"Advantages of a Tony's Trailer:

I used to drive a gas-guzzling van, but for the last three and a half years I have been operating my residential roofing business with mountain bikes and several of Tony's Trailers. Working mainly in my local neighbourhood, I have hauled everything that used to involve a van, with my bikes and trailers instead. These are not cheap mas-produced trailers. They cost more but they will take a beating. Tony is a seasoned pro' at what he does. His workmanship is impeccable. Tony's 72" X 26" "Cargo Trailer" often carries more than five hundred pounds. Balance the load on each side of the axle and make sure there's lots of pressure in the tires.

I have used Tony's "Trayak" to haul a fully-extended 32 ft. ladder with a 38 ft gutter strapped on top of it. Sometimes I have to wait a long time for a pedestrian crossing light, and then, if it's safe, I like to do a donut with the whole long trailer around in the intersection, while the cars wait for the light. At Velopalooza I used it to haul two 32 ft. ladders, one 18" X 5" X 16 ft. aluminum scaffold plank and two laughing teenagers around the part at Strathcona Gardens.

I use the "Journeyman" almost daily for runs to and from the hardware store. The magic is in the wheel and in using higher gears on bigger hills or heavier loads. Until recently, even when working local, this has meant allowing myself more time.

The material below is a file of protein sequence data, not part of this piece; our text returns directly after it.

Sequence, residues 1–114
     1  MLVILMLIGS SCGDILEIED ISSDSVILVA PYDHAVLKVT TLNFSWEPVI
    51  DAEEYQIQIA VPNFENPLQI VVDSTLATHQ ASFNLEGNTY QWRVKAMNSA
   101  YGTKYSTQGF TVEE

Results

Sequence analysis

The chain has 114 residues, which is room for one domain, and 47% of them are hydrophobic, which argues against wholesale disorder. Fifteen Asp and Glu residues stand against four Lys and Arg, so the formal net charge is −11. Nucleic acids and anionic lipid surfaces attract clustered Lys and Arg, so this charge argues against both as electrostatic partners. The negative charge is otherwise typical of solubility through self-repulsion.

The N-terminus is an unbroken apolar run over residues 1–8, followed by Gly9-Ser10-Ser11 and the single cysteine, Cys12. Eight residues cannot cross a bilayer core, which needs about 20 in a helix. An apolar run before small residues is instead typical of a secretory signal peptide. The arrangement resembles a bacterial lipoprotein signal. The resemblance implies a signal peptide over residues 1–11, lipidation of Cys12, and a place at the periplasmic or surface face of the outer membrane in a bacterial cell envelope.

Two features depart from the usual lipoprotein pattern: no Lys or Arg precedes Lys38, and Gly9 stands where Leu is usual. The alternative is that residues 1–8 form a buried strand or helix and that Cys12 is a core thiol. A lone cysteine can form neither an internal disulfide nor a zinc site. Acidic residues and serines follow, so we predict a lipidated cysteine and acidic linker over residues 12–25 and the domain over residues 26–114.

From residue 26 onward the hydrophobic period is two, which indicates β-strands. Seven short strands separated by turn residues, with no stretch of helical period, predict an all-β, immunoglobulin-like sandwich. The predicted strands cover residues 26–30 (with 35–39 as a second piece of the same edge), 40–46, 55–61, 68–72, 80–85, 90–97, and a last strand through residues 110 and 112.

Recently however I added an electric wheel to my bike. In those three years, because I pay in sweat for choosing any hilly routes to my job-sites, I have learned the topography of my city. Now with a boost on the hills from the lithium battery, I can easily travel anywhere in the city in usually the very same average amount of time as anyone else who consumes gas. And the effort I put in now is at my discretion. Many people have reminded me how much wonderful exercise I am getting. I've paid my dues. Thank-you very much. I do a job that involves hefting bundles of shingles. I could use a little less exercise.

I used to spend about $400 a month on gas, $200 a month on maintenance, $100 a month on insurance -- those were some basic predictable expenses. I never have to worry about them anymore. I used to deduct $500 off the top of the gross income from each roofing job for my supplying of equipment and materials. This money was always spent in covering the cost of vehicle expenses. Now that money goes into my jeans. Now I'm being paid that $700 a month to ride my bike at work.

Things are very exciting for me here with the bike-and-trailer system now. "I use one of your trailers or another every day and, with the electric wheel, I just haven't stopped grinning for a month or two." You can quote me on that."

- Johnny Frem Dixon.

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